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Civil Society Middle East Security & Conflict

Women in Afghanistan: The Forgotten Objective

The US decision to focus on civil rights and institutions as a part of an overall counter-insurgency strategy was not a mistake. The suggestion that the United States has no obligation to address women’s rights in the negotiation process because “such rights have never existed in most of Afghanistan” is an insult to the thousands of women that have sacrificed for the American ideals of freedom and equality pushed by the Allies since 2001.

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Africa Civil Society Middle East Security & Conflict

The Second Wave?

It is clear that while the momentum of the Arab Uprisings of 2011 had been arrested – and, in Egypt, Syria, and Bahrain, reversed or crushed – the root causes that brought them about still exist and have, in most states, not been addressed and are “burning embers under the ashes.”

Categories
Book Reviews Civil Society Middle East

How Exceptional is Jordan?

Hardly a year goes by without learned assessments that under the pressure of internal and regional challenges, the Hashemite Kingdom of Jordan’s luck may run out. However, this “weak man” of the Middle East continues to be one of the region’s islands of relative stability.

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Governance & Law International Development Middle East North America Policy & Politics

Why U.S. Foreign Aid Should Not Be Conditioned on United Nations General Assembly Voting Patterns

Tying U.S. aid to individual recipient countries’ voting patterns in the UNGA … would ultimately deprive the United States of a great tool with which it has so uniquely built its greatness around the world and the world around it: foreign aid.

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Middle East Policy & Politics Security & Conflict

ISIS Is Not al-Qaeda: We Need a Different Strategy

Author Nicole A. Softness argues that ISIS is primarily, and potentially exclusively, prioritizing its territorial claims. She argues that this warrants a new strategy from the US-led counterterrorism alliance: one that treats ISIS like a violent revolutionary movement (more akin to the French and Communist Revolutions), and as a potentially legitimate state, rather than a scattered and decentralized ideological network.

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Europe Middle East Policy & Politics Security & Conflict

Turkey and NATO are better together

Author Ali Cinar argues that leaders from both Turkey and NATO should reaffirm their mutual strategic commitments, as cooperation is imperative to advancing the interests of leaders in Turkey and other NATO partner countries, such as effectively fighting ISIS and managing other threats emanating from the Middle East.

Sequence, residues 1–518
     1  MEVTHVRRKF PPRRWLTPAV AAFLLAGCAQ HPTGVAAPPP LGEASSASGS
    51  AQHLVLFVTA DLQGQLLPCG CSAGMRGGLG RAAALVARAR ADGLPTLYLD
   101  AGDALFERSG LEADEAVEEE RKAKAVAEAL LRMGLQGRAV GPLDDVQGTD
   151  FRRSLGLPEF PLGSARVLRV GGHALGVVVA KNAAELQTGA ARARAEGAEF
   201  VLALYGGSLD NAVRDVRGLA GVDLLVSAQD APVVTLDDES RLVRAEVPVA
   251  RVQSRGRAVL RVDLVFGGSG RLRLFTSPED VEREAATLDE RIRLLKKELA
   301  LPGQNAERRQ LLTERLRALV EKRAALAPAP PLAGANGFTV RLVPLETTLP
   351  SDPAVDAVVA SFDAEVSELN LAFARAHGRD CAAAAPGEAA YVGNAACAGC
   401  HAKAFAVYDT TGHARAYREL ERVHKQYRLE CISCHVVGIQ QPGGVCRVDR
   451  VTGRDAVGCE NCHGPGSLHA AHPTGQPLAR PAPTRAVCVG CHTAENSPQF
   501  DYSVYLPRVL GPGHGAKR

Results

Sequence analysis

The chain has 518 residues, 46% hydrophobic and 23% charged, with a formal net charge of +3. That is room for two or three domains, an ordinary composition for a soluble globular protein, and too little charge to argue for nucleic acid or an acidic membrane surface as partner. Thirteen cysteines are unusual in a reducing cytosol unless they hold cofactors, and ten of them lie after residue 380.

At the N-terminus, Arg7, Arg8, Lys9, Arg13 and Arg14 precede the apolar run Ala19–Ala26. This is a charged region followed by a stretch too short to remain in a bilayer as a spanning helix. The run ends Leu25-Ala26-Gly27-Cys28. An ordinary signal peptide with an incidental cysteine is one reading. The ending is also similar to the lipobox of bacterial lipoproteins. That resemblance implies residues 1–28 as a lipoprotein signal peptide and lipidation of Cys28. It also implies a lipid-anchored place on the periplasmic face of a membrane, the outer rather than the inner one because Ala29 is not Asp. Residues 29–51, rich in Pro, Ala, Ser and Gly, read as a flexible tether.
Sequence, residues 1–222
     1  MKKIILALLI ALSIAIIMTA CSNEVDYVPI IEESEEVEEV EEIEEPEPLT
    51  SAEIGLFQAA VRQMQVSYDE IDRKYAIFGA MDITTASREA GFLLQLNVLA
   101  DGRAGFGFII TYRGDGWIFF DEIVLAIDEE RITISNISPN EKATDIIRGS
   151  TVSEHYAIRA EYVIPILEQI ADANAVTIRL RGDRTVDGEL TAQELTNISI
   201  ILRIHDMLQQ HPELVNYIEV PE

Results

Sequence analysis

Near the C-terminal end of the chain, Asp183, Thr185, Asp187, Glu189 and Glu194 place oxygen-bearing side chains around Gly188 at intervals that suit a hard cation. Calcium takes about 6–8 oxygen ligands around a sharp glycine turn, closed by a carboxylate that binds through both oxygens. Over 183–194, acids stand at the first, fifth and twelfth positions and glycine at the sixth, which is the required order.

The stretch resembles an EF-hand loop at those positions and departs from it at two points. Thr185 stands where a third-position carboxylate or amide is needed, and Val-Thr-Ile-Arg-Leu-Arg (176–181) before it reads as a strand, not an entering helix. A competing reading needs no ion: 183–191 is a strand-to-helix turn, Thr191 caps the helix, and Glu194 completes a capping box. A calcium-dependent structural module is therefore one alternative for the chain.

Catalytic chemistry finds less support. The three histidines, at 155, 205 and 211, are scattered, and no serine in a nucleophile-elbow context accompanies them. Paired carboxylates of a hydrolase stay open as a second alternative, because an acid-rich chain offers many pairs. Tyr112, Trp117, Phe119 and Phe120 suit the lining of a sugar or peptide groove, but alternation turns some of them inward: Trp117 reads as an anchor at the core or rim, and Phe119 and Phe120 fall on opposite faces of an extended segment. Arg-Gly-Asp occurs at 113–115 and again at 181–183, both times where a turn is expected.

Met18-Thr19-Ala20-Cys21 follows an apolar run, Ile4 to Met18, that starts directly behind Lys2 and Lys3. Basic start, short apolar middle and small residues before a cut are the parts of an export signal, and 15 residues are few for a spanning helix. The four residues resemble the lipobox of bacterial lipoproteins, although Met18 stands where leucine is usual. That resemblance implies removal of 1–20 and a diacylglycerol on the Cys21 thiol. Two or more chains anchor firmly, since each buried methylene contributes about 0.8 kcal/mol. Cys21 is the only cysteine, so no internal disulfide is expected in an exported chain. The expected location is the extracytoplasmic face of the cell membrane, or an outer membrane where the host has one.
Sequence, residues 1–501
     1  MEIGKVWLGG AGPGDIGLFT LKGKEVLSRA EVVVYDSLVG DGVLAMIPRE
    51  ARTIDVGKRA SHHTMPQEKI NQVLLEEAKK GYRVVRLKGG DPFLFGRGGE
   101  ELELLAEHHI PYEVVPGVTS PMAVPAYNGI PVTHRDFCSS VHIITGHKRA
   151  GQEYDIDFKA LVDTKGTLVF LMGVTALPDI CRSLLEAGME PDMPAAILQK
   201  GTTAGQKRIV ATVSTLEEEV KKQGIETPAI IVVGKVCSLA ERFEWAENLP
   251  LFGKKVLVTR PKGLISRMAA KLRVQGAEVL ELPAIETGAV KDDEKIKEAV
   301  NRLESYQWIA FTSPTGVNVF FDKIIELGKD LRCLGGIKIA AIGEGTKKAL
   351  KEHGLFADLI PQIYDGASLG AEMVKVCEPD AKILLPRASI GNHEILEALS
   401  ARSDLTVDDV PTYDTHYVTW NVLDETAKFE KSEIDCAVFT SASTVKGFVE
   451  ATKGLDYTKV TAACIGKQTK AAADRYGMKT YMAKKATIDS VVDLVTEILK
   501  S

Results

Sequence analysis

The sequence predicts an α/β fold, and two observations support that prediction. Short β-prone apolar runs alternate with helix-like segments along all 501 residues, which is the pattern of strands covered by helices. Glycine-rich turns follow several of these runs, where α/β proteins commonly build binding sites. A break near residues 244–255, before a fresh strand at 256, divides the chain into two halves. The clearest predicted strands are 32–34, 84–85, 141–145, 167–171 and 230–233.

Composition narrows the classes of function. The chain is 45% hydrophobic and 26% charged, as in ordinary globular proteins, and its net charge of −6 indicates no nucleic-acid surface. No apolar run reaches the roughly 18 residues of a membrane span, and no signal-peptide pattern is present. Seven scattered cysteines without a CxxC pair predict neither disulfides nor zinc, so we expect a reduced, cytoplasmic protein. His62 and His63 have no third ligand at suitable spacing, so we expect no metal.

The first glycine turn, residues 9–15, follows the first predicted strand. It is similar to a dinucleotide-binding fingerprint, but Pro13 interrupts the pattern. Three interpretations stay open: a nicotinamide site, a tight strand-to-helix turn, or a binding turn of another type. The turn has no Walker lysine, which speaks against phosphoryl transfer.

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Asia Pacific Governance & Law Middle East Policy & Politics Security & Conflict

A Road to Peace in West Asia

Author Mishaal Al Gergawi illustrates a broad overview of the political challenges facing the Middle East, asserting that the domestic drivers of such challenges are accentuated by sectarianism. He argues that a resolution to Saudi-Iranian geopolitical competition would greatly mitigate conflicts throughout the region, and describes the contours of a potential settlement between these powers.

Categories
Civil Society Economics Europe Middle East

Labor Market Reform in France would Help Ease Muslim – non-Muslim Tension

Author Adam Millsap asserts that the liberalization of labor markets in France and other European countries would address concerns of immigrant assimilation by providing more economic opportunity for immigrants, which would make it easier for them to adjust to their new surroundings. He concludes that labor market liberalization could also provide long-term economic prosperity for all in France.

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Civil Society Governance & Law Middle East

Tribalism in Transition: Iraq’s Sunni Tribes Before, During and After the Islamic State – Part II

In this two-part series, author Alex Simon discusses the evolution and increasingly fragmented nature of Sunni tribalism in Iraq from the era of Ottoman occupation through the rise of the so-called Islamic State, and its implications for the future of the Iraqi polity.

Categories
Civil Society Governance & Law Middle East

Tribalism in Transition: Iraq’s Sunni Tribes Before, During and After the Islamic State – Part I

In this two-part series, author Alex Simon discusses the evolution and increasingly fragmented nature of Sunni tribalism in Iraq from the era of Ottoman occupation through the rise of the so-called Islamic State, and its implications for the future of the Iraqi polity.